Bapak must have been released from Outram by then since I remembered him humming to the tune of P. Ramlee’s ‘Tiada Kata Secantik Bahasa’ (No words as sweet as speech), which was a popular request by radio listeners at that time. He seemed to be in a good mood most of the time, bringing home a miniature plastic snake curled in a plastic basket and a wooden bedroom and kitchen set for me to play with. But as the need to provide for his family grew, he spent more time away from home, either in Klang to persuade Sitti (who always had a soft spot for her first born son) to sell his share of the family estate (the bulk of it was 114 acres of land in Perak and Selangor which belonged to her and Siddi) for him to start a business venture or at one of his project at that time, such as the paddy field in Kahang which he started in the early ‘60s.
· Kampong Ubi started as a tiny settlement in the nineteenth century when the Malays who lived in stilt houses at Kampong Busong along the Singapore River mouth had to make way for the Brits’ trading activities. The Brits’ use of the sea lanes and immigrant Chinese and Indian labour pushed the coastal Malays inland, where they settled on the banks of the Geylang River. There they formed the core of Kampong Melayu in Geylang, which in the nineteenth and early twentieth century was known as Geylang Kelapa (coconut). The settlement was called Geylang Serai when lemon grass (citronella) was cultivated in place of coconuts and processed in a factory named the Citronella Press near the river bank. The word "Geylang" was believed to be a distortion of the word kilang (factory).* Other than planting farm produce for their own sustenance, the Malays of Geylang also reared poultry for their meat supply. In the early 1960s, you could find cockerels perched on branches, mother hens pecking for worms on the muddy ground followed by their tiny yellow broods, irate geese and ganders chasing strangers and crabby turkeys roaming around. As the population grew, the area for farm land shrank. After WWI, the settlement grew eastwards away from the river and, by late 1920s, more Malays from other parts of the island moved in and settled there. In the early 1940s, Geylang fell to the Japanese forces which entered through the east coast via Tekong and Changi. Food shortage and famine during the Japanese Occupation forced the people to grow ubi kayu (tapioca), instead of coconut and rubber, as a substitute for rice. That part of Geylang where tapioca was grown was known as Kebun Ubi or Kampong Ubi. Among the bushes on the tapioca farms, you could trip over tomb stones of fallen Japanese soldiers. The post-War population explosion led to overcrowding and depressing living conditions. The crammed ramshackle houses, the meandering dirt roads, the lack of water supply, proper drainage and sanitation - the overall sense of deprivation - manifested itself into rising social problems. Strained family relationships ended in domestic violence and divorces among married couples; gangsters and runaways among young men and women. The social landscape beyond Geylang Serai was also changing rapidly. The 1950s were the heydays for Malay political, economic and cultural consciousness in Singapore. Angkatan Sasterawan 50 (ASAS 50) or Singapore Writers Movement, with its motto of “Seni untuk masyarakat” (Art for Society), was churning poems, short stories, essays and plays. Masuri SN, Samad Ismail and Usman Awang were among the better known proponents of ASAS 50. Since the early 1900s, journalists and literary writers had been active in social and political movements to improve the lot of the Malays in Singapore. Among the pioneer journalists who championed Malay rights was Mohd Eunos Abdullah, a member of the Johor royal family who managed the first Utusan Melayu (1912–1914), a translated version of the Singapore Free Press. He was the first Malay to serve in the Legislative Assembly and was conferred the prestigious Justice of Peace (JP) award. In 1926, he founded the Kesatuan Melayu Singapura (Malay Union Singapore), which was the first quasi-political body in the Malay world. Mohd Eunos also played a pivotal role in lobbying for the opening and expansion of settlements for the Malays. Jalan Eunos which I passed by almost everyday to school, to Central or Gelang, was named after him.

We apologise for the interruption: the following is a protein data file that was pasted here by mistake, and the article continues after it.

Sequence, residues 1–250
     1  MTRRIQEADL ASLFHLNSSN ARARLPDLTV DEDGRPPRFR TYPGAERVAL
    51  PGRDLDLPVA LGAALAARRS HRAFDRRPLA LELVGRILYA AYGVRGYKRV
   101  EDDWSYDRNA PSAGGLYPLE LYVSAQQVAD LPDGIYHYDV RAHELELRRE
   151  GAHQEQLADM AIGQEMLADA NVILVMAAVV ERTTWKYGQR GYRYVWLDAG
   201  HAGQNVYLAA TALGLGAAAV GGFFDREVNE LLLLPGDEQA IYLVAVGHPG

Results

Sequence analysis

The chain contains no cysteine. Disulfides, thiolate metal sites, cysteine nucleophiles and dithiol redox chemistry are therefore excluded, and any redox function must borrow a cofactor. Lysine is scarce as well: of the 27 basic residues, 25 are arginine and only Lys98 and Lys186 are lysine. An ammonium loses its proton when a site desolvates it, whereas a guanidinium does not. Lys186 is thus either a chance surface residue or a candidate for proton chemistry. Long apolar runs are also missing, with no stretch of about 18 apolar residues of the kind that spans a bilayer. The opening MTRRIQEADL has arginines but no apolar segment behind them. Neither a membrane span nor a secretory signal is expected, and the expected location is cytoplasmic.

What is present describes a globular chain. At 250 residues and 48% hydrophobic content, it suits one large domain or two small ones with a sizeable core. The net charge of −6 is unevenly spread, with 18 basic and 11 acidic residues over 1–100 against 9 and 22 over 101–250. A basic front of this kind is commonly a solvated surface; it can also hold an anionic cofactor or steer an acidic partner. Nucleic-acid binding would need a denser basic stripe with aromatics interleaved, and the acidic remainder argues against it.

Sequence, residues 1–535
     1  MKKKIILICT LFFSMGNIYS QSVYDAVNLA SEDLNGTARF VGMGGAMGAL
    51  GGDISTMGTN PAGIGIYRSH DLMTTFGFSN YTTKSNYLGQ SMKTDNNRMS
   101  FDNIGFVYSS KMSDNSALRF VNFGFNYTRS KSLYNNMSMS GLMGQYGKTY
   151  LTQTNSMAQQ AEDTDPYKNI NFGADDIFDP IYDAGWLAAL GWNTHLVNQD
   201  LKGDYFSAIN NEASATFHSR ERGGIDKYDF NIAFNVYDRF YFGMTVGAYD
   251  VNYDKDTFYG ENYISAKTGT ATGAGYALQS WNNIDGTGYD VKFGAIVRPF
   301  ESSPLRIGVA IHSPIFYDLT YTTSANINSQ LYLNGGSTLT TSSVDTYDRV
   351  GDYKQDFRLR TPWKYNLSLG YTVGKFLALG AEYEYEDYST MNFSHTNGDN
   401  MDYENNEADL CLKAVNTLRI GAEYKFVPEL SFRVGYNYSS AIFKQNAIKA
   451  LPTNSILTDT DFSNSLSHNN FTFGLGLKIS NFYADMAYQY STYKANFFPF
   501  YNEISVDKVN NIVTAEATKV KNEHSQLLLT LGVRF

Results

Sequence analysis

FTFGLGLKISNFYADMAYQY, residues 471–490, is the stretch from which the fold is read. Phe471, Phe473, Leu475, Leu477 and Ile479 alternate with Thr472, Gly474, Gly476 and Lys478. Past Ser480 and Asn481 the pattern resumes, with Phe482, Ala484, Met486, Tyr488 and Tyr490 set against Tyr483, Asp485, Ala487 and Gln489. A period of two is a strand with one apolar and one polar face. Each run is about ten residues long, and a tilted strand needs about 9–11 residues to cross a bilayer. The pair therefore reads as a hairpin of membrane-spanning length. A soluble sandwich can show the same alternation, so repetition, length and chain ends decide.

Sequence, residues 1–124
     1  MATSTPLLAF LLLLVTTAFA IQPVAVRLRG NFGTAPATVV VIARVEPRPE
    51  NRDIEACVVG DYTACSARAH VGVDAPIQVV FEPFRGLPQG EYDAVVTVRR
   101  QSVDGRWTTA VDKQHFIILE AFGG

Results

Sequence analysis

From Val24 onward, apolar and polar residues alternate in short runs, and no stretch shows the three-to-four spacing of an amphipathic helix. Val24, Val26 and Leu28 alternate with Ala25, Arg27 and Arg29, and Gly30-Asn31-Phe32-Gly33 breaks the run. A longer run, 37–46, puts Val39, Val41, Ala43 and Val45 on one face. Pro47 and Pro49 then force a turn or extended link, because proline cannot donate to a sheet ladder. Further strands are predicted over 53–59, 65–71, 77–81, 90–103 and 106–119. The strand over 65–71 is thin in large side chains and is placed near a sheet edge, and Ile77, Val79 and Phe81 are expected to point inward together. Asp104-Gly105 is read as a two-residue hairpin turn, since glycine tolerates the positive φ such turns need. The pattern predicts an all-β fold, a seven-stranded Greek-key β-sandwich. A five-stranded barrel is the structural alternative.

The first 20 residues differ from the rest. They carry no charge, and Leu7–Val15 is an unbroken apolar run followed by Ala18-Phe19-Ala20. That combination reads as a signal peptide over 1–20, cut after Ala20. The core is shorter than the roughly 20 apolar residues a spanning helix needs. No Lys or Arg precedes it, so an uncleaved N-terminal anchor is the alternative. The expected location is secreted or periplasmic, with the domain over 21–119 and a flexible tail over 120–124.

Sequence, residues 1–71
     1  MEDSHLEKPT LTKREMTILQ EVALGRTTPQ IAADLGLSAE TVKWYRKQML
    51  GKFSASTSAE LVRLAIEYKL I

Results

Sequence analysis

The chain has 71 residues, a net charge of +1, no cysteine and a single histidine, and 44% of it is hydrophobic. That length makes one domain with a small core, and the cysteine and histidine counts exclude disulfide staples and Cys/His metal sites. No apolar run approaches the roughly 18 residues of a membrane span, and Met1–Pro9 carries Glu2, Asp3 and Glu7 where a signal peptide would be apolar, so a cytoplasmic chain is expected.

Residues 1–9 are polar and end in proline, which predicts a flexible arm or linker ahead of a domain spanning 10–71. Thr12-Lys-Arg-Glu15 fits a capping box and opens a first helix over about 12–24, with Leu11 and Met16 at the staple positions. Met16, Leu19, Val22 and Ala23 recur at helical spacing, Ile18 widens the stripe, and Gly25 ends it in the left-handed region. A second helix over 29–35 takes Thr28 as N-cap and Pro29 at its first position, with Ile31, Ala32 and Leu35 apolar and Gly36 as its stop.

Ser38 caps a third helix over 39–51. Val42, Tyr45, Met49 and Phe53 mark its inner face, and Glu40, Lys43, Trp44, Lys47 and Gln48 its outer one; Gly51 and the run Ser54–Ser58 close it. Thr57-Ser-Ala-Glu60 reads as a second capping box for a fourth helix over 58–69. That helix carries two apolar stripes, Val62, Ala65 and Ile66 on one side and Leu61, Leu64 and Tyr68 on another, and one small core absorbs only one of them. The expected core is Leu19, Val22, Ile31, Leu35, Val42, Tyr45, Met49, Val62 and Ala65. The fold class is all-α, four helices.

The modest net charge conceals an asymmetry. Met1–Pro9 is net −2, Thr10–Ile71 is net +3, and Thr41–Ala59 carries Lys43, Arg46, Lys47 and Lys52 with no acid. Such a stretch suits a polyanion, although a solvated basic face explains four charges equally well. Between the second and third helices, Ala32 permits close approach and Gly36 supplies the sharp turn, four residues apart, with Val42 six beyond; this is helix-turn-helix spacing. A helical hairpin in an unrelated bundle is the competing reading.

· Ahmad Ibrahim was another ‘big name’ that Mak loved to mention. He was a lawyer and a member of the Municipal Commission, who played a crucial role in the appeal for Mak Minah’s custody of Natrah in 1950. Ahmad Ibrahim studied law at St. John’s College, Cambridge, under the Queen's Scholarship in 1935. He graduated 1st Class in Economics and Law in 1939. A decade later, he contested as an independent in the Municipal Commission Election and won. He was the Republic of Singapore's first Attorney General and later the Republic's ambassador to Egypt. He was appointed as Professor of Legal Studies at the Faculty of Economics and Administration, University of Malaya (1969–1972), Dean of Faculty of Law, University of Malaya (1972–1983), Professor Emeritus, University of Malaya (1984) and the Shaikh and the Dean of the Kulliyyah of Laws, International Islamic University of Malaysia (1983–1999). The Kulliyyah of Laws was later renamed Ahmad Ibrahim Kulliyyah of Laws (AIKOL). His writings on civil law and Islamic jurisprudence are regarded as international references. After his passing, AIKOL established the Ahmad Ibrahim Memorial Lecture. IKIM later instituted an academic project on his works.
· It was not all poverty and squalor, racial tensions and discontent, gloom and doom for the Malays in Singapore in the ‘50s. There were educational, literary and cultural programs organised by Malay Youth Literary Association (4PM) and a cultural body known as Sriwana. Sriwana was founded in 1955 by Nongchik Ghani, a writer and cultural activist who was also involved in the Anglo-Malay Evening School and 4PM. He served as Sriwana’s secretary for 40 years, during which time he wrote several stage dramas and choreographed musicals such as Singapura Dilanggar Todak (Garfish Attack on Singapore). Wak Nyok’s children – Abang Imat, Kak Imah, Kak Pet, Kak Lina and Tena were active as musicians, vocalists and dancers in Sriwana in the 1960s, 1970s and 1980s.